Erbil, Asharq Al-Awsat—A war of words between different Kurdish political camps has escalated against the backdrop of a lack of cash flow into Kurdistan government banks, Asharq Al-Awsat has learnt.
The leadership of the Patriotic Union of Kurdistan (PUK), led by Iraqi President Jalal Talabani, has cancelled a meeting scheduled with the leadership of the Kurdish Movement for Change (Goran), led by Kurdish politician Mustafa Nushirwan. Goran is the most prominent party in the Kurdish region’s opposition front. A source close to the PUK claimed that the meeting was cancelled due to pressure from the Kurdistan Democratic Party (KDP), led by President of the Iraqi Kurdistan Region Massoud Barzani.
This latest development comes at a time of intensifying media confrontation between Mullah Bakhtiar—an official working in the executive body of the PUK political bureau—and the Kurdistan regional government, headed by Nechirvan Barzani, the number two in the KDP. This confrontation has risen against the backdrop of the financial crisis currently afflicting the Kurdish government’s banks in Suleimaniyah province, the heartland of the PUK.
Mullah Bakhtiar had directed strong criticism towards the regional government because of the lack of cash flow in government banks in Suleimaniyah, which have failed to pay employee salaries and finance service and development projects. Bakhtiar said, “There are sacks full of dollars in the cellars of some houses, while the banks are suffering from bankruptcy,” describing the regional government’s economic policy as a “failure”.
This prompted government spokesman Sven Daza Yei to respond and demand that Mullah Bakhtiar identify the houses whose cellars contain “sacks full of dollars.” In return, Bakhtiar sought to escalate the issue even further. His office issued a statement claiming, “The word ‘cellars’ was used as a metaphor to mean all things secret, but in fact we can confirm that yes, the cellars in the houses of many corrupt individuals are filled with sacks full of dollars. If only the regional government would hold those officials and millionaires to account, who have become rich illegally throughout Kurdistan, having collaborated with contractors on their projects, or having played the role of contract brokers and obtained illegal shares from companies.”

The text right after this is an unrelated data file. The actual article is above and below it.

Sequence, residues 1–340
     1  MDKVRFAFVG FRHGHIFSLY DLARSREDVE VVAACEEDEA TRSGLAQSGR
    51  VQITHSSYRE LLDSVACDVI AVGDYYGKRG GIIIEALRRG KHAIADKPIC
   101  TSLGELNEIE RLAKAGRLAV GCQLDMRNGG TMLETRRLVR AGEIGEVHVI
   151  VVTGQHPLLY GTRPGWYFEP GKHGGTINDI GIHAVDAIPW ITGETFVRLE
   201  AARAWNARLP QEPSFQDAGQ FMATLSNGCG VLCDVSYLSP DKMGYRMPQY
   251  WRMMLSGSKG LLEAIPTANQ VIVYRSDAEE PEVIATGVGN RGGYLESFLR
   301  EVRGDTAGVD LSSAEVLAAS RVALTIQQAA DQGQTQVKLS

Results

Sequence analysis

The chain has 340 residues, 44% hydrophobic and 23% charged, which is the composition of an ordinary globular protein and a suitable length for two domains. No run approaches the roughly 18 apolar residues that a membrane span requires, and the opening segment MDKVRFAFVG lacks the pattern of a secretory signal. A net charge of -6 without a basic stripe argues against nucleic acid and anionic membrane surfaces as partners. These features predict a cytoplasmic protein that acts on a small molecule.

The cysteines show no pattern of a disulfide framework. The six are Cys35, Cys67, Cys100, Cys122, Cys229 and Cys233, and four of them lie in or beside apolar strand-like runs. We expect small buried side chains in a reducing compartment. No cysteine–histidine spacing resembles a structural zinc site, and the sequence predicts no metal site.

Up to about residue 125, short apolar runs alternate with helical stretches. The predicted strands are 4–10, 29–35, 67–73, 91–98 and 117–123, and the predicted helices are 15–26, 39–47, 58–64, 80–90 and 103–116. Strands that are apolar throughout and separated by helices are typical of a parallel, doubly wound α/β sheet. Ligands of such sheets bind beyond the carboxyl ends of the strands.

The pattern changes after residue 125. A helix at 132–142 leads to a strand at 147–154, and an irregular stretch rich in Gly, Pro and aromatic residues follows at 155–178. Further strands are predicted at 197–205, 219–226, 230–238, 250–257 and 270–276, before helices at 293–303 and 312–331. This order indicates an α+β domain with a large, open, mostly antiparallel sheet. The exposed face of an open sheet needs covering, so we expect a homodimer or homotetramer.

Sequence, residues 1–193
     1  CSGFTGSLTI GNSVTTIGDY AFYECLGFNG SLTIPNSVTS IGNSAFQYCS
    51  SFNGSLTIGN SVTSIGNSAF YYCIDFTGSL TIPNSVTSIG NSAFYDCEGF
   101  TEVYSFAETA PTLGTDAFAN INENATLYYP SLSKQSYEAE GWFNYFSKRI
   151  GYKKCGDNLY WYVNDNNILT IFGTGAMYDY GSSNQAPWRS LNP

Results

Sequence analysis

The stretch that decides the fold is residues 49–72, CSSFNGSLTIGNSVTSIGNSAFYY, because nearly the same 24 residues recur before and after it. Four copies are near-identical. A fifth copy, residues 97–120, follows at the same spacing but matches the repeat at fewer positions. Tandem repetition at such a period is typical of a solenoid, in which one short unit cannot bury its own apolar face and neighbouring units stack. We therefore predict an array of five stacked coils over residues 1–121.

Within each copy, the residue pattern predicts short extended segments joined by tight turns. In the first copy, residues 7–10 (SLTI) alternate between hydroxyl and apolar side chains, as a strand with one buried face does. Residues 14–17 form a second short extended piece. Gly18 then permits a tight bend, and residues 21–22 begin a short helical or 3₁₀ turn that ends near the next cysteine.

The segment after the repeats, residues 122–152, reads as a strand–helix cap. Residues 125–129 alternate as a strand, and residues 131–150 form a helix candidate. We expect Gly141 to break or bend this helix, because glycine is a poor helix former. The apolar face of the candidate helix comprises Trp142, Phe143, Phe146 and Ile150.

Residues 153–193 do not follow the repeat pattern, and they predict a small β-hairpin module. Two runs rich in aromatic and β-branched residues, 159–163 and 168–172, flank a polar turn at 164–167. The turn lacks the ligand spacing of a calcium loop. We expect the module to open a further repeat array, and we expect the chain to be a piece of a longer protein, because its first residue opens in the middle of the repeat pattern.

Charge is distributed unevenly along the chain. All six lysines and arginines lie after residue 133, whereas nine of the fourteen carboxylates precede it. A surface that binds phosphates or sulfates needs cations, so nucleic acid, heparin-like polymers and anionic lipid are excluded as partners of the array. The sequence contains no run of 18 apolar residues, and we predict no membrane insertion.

During a press conference yesterday, the Kurdish regional government’s finance minister, Bayiz Talabani, announced that “the problem with the banks’ cash flow stems back to the ministry’s concerns with the annual budget, and the lack of funding from Baghdad” adding “this is a problem that we will address in the coming days.”
In the meantime, the summit meeting scheduled between the PUK and Goran was postponed at the last minute because “the leadership of the PUK came under great pressure from its NDP ally, and therefore it announced the cancellation of the meeting,” according to one leading source.
A few months ago, there was an important convergence between the PUK and Goran, following a previous summit meeting that brought Mustafa Nushirwan and PUK Secretary-General Jalal Talabani together. The two sides agreed on several issues related to political reform in the region. The leading source, who spoke to Asharq Al-Awsat on the condition of anonymity, said: “There is now an orientation within the leadership of the two parties to change the form of the political system in the Kurdistan region, with the agreement to adopt a parliamentary system instead of the current presidential system. Both parties have also agreed to return the draft constitution to parliament for amendments, and have outlined the need for political reforms. However, the NDP rejects these initiatives.”
The source also criticized the NDP for monopolizing government affairs in Iraqi Kurdistan, saying, “If any citizen, throughout Kurdistan, is required to give a testimony or provide fingerprints, they are sent to Erbil. Likewise, any official government transaction can only go through the minister and his headquarters in Erbil. This mentality of governance is outdated in most states, but in Kurdistan it still exists and dominates.”